Adam shared some surprising facts about EVs. For instance, he mentioned that it takes five times the amount of oil to build an EV than it does to build a conventional gas-powered vehicle. In order offset this difference, a person must drive an EV 120,000 kms using the electrical grid.  Meaning, every time we build an EV demand for oil goes up, not down. Further, an EV battery does not last the lifetime of the vehicle itself, crapping out in as little as 8 years. This expands the EV’s carbon footprint even further as producing a single EV-grade battery emits over seven tonnes of C02e emissions. All told, an EV has roughly double the production footprint of a conventional vehicle.

Still convinced we are saving the planet?

The BC provincial government is forging ahead with a set of policies that its own modelling shows will make BC’s economy $28 billion smaller in 2030 than it would be absent these policies. (To put this number into context, this is roughly what the province spends on health care each year). This will set prosperity back more than a decade. This remarkable finding emerges from looking beyond the government’s glossy reports to the raw modelling results of the estimated economic impact of CleanBC policies that are studiously ignored in its public communication materials.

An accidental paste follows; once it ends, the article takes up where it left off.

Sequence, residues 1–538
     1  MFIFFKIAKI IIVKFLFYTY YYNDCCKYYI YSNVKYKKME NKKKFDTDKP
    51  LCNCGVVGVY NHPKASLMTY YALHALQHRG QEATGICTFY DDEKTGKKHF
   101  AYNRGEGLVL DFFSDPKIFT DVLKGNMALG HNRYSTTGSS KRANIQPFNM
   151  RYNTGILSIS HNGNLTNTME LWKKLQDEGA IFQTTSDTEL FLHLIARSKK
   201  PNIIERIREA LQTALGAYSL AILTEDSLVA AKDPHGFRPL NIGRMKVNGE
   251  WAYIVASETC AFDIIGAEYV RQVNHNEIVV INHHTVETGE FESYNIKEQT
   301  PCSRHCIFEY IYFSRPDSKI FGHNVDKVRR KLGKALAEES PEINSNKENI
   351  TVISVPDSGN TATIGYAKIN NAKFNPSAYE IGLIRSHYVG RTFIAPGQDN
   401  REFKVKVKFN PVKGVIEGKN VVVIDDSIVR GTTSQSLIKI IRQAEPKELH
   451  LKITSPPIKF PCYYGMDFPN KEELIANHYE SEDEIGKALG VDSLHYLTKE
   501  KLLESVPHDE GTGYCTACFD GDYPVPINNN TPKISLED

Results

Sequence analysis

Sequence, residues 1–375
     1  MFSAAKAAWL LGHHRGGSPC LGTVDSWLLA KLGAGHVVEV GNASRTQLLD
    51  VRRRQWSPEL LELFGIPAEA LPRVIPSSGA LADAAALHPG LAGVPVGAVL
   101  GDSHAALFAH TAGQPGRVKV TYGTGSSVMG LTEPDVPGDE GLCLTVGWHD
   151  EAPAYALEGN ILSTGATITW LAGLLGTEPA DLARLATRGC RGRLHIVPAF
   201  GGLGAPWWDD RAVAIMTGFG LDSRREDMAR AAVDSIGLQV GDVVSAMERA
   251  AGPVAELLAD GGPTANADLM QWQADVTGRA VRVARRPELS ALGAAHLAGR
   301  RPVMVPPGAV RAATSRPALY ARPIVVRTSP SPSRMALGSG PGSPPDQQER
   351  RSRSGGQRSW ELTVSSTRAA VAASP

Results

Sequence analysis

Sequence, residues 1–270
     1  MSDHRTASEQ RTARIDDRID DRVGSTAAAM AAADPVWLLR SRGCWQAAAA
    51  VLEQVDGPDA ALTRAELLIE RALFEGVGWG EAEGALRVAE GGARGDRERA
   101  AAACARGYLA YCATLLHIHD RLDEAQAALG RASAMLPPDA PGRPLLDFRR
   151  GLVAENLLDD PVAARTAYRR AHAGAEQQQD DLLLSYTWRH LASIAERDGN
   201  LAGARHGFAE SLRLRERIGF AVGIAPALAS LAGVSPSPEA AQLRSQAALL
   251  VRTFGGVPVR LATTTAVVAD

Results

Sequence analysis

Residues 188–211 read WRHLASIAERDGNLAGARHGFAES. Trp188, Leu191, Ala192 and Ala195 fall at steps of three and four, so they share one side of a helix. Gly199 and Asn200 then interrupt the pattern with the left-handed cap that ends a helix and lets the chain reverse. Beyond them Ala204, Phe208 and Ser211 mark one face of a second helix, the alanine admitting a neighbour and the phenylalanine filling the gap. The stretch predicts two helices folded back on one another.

Similarly, Alberta Electric System Operator (AESO) estimates the cost of achieving a net zero electricity grid by 2050 to be nearly $200 billion, while the AESO Net-Zero Emissions Pathways report estimates that accelerating this timeline to 2035 could add an extra $45 to $52 billion. (That is without factoring in the costs of co-generation or the full distribution system and integration costs). Moving to net zero by 2050 will also eliminate 10,000 direct jobs in the oil and gas sector and an estimated 2.7 million jobs in total.